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Hand Dermatitis (eczema)

May 23, 2017

Hand dermatitis (eczema) is associated with irritants or allergies and can be triggered or aggravated at work (occupational dermatitis). Many patients are employed as healthcare workers/nurses, hair stylists, restaurant servers/staff, bakers, or printers.

There are 3 types of hand dermatitis: irritant, allergic, and atopic.

Chronic hand dermatitis lasts at least three months or incurs two relapses in a calendar year. Alitretinoin, cyclosporine, high potency topical corticosteroids, and phototherapy are indicated in Canada for the treatment of chronic hand dermatitis. (Acitretin, azathioprine, methotrexate even soriatane are sometimes used.)

Itchiness is a symptom of both allergic and atopic hand dermatitis. Irritant hand dermatitis often has little or no itchiness.

Common irritants include friction, dryness, moisture, and chemicals (e.g., hand disinfectants, germicides, detergents, ink, dyes, solvents, etc.). When these offending exposures are in the working environment, symptoms develop gradually, show little improvement on weekends, but marked recovery with extended periods away from work.

Allergens like latex, animal fur/dander, perfumes, and food are also be implicated. This is often characterized by redness, blistering, and severe itchiness. Work exposure usually improves on weekends, symptoms disappear on vacation, but recur soon after returning to work. A patch test can confirm the diagnosis.

Atopic dermatitis is frequently unrelated to occupation and a family history of allergy is common. It can involve the flexor surfaces of the wrists, the nails, and the “snuff box”. Blisters are often seen and the skin can turn thick and leathery (lichenification).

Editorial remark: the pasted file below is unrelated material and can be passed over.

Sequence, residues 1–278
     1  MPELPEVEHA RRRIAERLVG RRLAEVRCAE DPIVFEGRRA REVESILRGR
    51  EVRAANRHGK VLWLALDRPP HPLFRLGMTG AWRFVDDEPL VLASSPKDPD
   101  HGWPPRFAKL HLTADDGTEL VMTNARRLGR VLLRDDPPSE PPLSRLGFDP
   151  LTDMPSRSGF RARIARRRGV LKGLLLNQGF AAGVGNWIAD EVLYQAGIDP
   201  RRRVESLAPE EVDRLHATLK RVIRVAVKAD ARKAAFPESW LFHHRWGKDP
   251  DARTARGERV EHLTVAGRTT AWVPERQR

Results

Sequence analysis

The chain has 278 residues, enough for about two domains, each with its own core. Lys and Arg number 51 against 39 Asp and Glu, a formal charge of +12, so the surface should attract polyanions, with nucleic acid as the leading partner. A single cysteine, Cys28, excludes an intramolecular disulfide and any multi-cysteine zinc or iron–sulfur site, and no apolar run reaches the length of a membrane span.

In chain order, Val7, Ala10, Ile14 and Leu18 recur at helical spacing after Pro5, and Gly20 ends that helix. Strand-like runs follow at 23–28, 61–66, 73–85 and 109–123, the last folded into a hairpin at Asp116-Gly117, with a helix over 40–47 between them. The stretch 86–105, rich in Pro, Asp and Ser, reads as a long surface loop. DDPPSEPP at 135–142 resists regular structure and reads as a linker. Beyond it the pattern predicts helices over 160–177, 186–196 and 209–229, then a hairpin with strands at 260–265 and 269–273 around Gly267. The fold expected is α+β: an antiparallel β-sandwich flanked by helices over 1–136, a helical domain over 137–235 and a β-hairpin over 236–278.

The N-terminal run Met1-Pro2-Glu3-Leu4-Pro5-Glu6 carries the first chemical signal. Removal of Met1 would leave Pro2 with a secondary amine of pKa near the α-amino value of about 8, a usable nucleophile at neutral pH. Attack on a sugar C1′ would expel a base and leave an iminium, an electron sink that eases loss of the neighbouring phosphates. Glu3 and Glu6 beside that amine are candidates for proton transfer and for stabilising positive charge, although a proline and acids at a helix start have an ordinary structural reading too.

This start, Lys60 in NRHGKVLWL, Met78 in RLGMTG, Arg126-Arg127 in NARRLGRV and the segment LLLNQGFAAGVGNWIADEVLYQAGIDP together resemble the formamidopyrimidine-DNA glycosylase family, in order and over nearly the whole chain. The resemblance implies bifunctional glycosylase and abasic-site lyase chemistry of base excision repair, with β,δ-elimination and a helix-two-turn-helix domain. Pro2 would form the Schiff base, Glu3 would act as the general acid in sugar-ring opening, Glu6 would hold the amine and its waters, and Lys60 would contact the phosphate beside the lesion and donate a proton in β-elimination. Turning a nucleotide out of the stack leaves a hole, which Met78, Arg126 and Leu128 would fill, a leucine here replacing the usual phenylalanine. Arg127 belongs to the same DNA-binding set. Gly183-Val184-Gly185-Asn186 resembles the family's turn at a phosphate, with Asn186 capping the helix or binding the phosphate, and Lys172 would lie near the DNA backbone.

The mainstay of hand dermatitis treatment is topical corticosteroids.

Moderate potency corticosteroids are sometimes used for 4-8 weeks (2 weeks if dorsal location) to manage mild-to-moderate chronic hand dermatitis. Severe chronic hand dermatitis uses a potent topical corticosteroid for 4 to 8 weeks (2 weeks if dorsal location) or super-potent topical corticosteroid for 2 weeks.

When moderate chronic hand dermatitis is not improved by prevention strategies, emollient therapy, and a high potency topical corticosteroid of 2-week duration, it is treated as severe and phototherapy/oral treatment is considered. An oral treatment is alitretinoin but pregnancy must be avoided (pregnancy prevention program).

Treatment should be combined with moisturizing therapy and hand protection (eg, gloves), which should continue after discontinuation of corticosteroids.

In hyperkeratotic dermatitis, salicylic acid 20% or urea 5–10% is sometimes prescribed to smooth the skin and help with treatment penetration.

Topical steroids— Potency

Low

  • Desonide 0.05%
  • Hydrocortisone 0.5%, 1%, 2.5%
  • Hydrocortisone acetate 0.5%, 1%, 2%

Medium

  • Betamethasone valerate 0.05%, 0.1%
  • Clobetasone butyrate 0.05%
  • Diflucortolone valerate 0.1%
  • Fluocinolone acetonide 0.01%, 0.025%
  • Hydrocortisone valerate 0.2%
  • Mometasone furoate 0.1%
  • Triamcinolone acetonide 0.025%, 0.1%, 0.5%
  • Prednicarbate 0.1%

High

  • Amcinonide 0.1%
  • Betamethasone dipropionate 0.05%
  • Fluocinonide 0.05%
  • Halcinonide 0.1%
  • Desoximetasone 0.05%, 0.25% •

Ultra-high

  • Beclomethasone dipropionate 0.05% in base containing propylene glycol
  • Clobetasol propionate 0.05%
  • Halobetasol propionate 0.05%

RESOURCES

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